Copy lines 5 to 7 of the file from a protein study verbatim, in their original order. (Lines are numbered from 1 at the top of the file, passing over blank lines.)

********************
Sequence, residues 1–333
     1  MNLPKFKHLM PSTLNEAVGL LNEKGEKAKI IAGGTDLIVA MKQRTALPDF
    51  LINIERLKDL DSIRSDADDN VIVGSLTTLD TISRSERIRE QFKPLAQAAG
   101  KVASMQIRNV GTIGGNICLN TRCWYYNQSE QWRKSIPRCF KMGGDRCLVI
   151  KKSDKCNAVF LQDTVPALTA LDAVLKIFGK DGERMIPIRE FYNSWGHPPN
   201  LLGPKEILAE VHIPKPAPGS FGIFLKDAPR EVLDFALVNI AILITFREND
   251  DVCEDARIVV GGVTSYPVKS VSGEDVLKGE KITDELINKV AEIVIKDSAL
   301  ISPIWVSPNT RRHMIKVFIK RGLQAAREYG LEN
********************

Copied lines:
   151  KKSDKCNAVF LQDTVPALTA LDAVLKIFGK DGERMIPIRE FYNSWGHPPN
   201  LLGPKEILAE VHIPKPAPGS FGIFLKDAPR EVLDFALVNI AILITFREND
   251  DVCEDARIVV GGVTSYPVKS VSGEDVLKGE KITDELINKV AEIVIKDSAL